Mortgages getting cheaper again
January 20, 2010 | 12:42 pm
Applications for home loans jumped 9% last week as interest rates declined for all types of mortgages, falling back to an even 5% for 30-year fixed loans, the industry trade association is reporting today.
The Mortgage Bankers Assn. weekly survey is showing an increase in applications for both purchase and refinance loans. Presumably the decline in rates helped motivate borrowers.
The typical rate on the 30-year fixed mortgage had been 5.13% the week before last, the group says. Points paid to lenders (including the origination fee) also declined on 30-year loans, from an average 1.17% of the loan amount to 1.05%. Rates also fell for 15-year fixed mortgages and for variable rate loans as well.
The Mortgage Bankers Assn., which says its survey covers about half the home loans in the country, assumes that borrowers have good credit and have a 20% down payment or 20% equity in the home.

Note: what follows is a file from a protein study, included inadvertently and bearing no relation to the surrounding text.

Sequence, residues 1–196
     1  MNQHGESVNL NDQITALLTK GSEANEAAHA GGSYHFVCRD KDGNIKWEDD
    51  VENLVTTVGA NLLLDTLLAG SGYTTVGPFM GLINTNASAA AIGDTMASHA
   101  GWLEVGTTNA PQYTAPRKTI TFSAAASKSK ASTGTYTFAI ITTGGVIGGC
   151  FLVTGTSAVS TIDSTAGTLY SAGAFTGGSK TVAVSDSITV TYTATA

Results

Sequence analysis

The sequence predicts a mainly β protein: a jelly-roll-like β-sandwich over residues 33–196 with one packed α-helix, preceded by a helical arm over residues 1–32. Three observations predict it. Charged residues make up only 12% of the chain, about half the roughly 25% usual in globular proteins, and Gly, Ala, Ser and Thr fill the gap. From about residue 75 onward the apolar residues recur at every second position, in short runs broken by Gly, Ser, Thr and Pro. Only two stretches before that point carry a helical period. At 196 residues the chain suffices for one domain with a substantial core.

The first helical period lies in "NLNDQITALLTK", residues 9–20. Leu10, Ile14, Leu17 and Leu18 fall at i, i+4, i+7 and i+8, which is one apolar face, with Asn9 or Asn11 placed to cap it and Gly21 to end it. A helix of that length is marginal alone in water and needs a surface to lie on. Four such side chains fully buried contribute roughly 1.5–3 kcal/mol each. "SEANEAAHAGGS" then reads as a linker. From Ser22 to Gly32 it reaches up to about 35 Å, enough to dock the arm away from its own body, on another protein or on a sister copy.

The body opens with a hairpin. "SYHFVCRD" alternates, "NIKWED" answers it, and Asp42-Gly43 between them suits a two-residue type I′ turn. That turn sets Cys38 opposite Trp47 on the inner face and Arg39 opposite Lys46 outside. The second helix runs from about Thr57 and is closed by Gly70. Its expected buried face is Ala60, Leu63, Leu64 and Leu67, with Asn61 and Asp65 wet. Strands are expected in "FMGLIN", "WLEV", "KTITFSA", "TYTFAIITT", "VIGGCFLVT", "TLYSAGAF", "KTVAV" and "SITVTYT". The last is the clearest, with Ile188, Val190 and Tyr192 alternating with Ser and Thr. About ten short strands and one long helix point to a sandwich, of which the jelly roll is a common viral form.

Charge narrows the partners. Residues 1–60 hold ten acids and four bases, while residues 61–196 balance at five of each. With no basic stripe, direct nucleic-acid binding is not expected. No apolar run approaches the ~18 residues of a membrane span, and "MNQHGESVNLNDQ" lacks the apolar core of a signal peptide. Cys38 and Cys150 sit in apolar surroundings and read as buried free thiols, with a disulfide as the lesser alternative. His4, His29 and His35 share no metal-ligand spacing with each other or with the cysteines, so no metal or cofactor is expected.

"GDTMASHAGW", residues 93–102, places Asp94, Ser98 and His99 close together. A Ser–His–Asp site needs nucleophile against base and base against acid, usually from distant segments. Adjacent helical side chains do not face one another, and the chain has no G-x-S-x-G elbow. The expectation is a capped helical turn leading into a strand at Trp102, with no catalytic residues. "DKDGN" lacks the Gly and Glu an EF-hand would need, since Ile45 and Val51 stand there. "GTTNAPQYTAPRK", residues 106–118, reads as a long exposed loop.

The typical 30-year rate dropped below 5% for much of November and December, then edged back higher this year. Are we headed back to fixed rates starting with 4s? There will be more evidence to consider tomorrow, when Freddie Mac reports on its survey of mortgages this week.
Meantime, the Fair Mortgage Collaborative said on its site today that the current national average for a 30-year fixed mortgage conforming to Fannie Mae and Freddie Mac standards is already below 5%, at 4.92%, with just under 1% in lender fees.
The Fair Mortgage Collaborative, a nonprofit start-up with funding from the Ford Foundation, may well be worth watching. It hopes to eventually provide detailed ZIP Code level data including rates, points and total closing costs that it says would help consumers avoid being ripped off by predatory lenders.
The system was providing only general descriptions of local rates and costs today. The group intends to eventually have a version that would allow consumers to input their credit scores, loan amount, down payment and other data to find out about what reasonable terms are available for their individual situations.
— E. Scott Reckard